New Data Stokes Concerns About N.H.'s Drinking Water

Jun 25, 2014
Bart / Flickr/CC

A recent survey of private wells in the Granite State found eighty thousand residents may be at risk of exposure to several toxins, including arsenic. Public water supplies, meanwhile, can be vulnerable to other forms of contamination and affected by severe weather from floods to droughts. We’ll look at these challenges, and possible solutions.

GUESTS:

Sam Evans-Brown / NHPR

This is the second of two stories about arsenic in well-water.

Almost twenty years ago, Joe Ayotte got a well drilled at his house in Concord.

“As you can see it’s a bit of a mud-pit, and it’s very red,” says Ayotte surveying the site of his artesian well, which has since been retired from service, but continues to leach iron-stained water onto his lawn.

Ayotte had some bad luck. The well must have hit what he calls “rotten rock” and brought up massive amounts of minerals in the water, including so much iron that it destroyed his fixtures.

Dave G / Flickr CC

There are basically two options: the state lab and private well testers.

Sam Evans-Brown / NHPR

At a house in Stoddard, a Cushing and Sons truck mounted rig pounds a drill bit into bedrock 90 feet below.

“What we’re hearing now is a pneumatic hammer,” says Bart Cushing, who together with his brother runs this family owned well-drilling business, “That’s a flat-based bit with carbide buttons. And it’s literally pounding the rock.”

These artesian groundwater wells are the norm these days: something on the order of 95 percent of new wells are drilled into the bedrock.

And there’s a reason for that.

Dennis Amith via Flickr CC

A new study from the US Geological Survey estimates that as many as 80,000 people in Southeastern New Hampshire could be drinking water from wells with unhealthy levels of contaminants.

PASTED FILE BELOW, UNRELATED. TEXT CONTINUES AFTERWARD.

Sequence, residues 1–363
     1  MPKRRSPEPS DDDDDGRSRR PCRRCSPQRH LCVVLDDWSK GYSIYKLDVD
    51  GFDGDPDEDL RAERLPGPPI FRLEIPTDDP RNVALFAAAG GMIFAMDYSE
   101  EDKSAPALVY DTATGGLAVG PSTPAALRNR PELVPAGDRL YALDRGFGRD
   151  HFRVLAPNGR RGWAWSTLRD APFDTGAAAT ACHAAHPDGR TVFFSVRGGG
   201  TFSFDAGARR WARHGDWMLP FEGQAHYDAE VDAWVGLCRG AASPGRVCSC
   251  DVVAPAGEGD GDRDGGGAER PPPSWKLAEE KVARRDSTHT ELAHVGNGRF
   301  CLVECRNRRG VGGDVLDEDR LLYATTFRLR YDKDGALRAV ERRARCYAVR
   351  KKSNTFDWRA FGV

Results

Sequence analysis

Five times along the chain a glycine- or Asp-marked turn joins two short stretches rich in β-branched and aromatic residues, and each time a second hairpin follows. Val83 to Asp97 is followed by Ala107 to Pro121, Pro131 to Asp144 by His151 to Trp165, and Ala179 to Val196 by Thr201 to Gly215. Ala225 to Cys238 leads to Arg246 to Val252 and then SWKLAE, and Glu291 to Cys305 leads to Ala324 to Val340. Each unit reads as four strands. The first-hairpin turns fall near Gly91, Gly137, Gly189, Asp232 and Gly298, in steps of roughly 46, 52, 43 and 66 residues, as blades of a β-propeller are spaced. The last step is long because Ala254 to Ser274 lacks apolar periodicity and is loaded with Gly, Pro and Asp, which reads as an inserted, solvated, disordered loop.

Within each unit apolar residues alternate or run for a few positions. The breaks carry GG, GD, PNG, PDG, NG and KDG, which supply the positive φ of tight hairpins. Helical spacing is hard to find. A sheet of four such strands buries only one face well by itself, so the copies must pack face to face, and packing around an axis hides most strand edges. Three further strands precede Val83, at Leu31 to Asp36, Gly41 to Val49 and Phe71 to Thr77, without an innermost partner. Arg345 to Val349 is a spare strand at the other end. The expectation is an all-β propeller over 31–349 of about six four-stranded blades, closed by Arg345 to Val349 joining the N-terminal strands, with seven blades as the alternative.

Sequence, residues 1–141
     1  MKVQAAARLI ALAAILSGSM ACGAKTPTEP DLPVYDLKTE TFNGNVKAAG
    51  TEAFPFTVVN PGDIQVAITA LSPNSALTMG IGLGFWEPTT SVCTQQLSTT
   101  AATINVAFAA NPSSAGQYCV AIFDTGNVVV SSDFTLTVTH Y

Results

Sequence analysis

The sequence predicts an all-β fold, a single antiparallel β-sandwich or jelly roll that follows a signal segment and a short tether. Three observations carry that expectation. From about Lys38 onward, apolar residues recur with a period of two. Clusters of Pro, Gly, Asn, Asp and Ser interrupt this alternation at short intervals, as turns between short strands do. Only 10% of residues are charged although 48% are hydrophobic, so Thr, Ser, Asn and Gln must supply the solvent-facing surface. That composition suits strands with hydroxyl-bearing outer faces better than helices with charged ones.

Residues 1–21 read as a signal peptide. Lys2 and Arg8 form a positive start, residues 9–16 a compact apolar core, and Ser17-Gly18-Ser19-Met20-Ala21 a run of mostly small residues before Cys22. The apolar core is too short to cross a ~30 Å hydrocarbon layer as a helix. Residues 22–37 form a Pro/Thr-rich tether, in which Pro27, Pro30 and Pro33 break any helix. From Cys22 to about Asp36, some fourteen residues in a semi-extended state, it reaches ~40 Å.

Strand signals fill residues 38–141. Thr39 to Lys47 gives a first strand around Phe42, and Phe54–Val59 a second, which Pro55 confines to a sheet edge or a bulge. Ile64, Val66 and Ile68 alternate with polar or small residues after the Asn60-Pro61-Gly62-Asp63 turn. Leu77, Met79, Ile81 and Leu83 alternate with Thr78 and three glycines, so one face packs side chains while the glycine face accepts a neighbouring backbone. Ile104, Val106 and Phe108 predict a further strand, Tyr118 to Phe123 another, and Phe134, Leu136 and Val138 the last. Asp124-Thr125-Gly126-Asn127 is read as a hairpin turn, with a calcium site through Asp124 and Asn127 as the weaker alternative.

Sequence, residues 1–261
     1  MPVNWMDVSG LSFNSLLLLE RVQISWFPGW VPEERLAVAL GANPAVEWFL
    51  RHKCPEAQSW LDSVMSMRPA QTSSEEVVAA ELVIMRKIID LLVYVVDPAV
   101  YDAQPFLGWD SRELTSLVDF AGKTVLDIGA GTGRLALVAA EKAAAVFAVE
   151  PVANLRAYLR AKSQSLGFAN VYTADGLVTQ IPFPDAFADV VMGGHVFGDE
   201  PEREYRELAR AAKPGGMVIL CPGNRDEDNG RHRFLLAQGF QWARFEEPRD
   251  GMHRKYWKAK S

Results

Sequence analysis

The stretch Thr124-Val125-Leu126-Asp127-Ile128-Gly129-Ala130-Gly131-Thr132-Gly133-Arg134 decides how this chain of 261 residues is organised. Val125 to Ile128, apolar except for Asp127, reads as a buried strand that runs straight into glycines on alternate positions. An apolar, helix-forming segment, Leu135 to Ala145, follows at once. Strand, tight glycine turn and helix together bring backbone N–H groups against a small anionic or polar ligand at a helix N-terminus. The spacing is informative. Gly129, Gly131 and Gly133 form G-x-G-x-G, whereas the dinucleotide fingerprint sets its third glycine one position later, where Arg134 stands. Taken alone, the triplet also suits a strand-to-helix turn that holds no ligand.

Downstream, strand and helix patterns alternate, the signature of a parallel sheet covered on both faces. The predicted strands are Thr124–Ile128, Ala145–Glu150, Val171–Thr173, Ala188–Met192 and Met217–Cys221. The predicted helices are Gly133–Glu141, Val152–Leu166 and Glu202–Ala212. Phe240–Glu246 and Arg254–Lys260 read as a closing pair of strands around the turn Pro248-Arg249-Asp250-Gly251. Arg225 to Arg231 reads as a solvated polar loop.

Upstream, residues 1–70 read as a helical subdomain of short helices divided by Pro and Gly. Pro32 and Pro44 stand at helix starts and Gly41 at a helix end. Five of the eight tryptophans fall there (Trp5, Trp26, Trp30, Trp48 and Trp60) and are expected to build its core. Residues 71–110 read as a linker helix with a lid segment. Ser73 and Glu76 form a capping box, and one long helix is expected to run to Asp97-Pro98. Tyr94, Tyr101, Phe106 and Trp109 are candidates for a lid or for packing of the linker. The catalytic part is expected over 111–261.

The study finds nearly 50,000 people could be drinking elevated levels of arsenic, nearly 15,000 with manganese, and fewer than 10,000 could be consuming either high levels of uranium and lead.

State officials have shut-down one of three drinking water wells that serve the Pease Tradeport. The well was contaminated with an unregulated chemical found in foams used by firefighters.

Perflourooctane Sulfonic Acid, or PFOS, was found in the well which serves the 250 businesses and 8,300 employees of the Pease Tradeport. It was detected in levels that exceed a “provisional health advisory” level set by the EPA.

Addressing Arsenic

Oct 24, 2013
mikecogh / Flickr Creative Commons

Most well-known as a poison once used between political or personal rivals, arsenic is now causing more problems at very low levels in our well water and food. We're looking into the sources of arsenic, the toxic effects it has on our health, and how to remediate it.

GUESTS:

Sam Evans-Brown

About 40 percent of New Hampshire residents get their drinking water from private wells. The Department of Environmental Services is encouraging well owners to test their water for arsenic, but unlike municipal water supplies, testing isn’t mandatory. And colorless, odorless contaminants abound in the Granite State.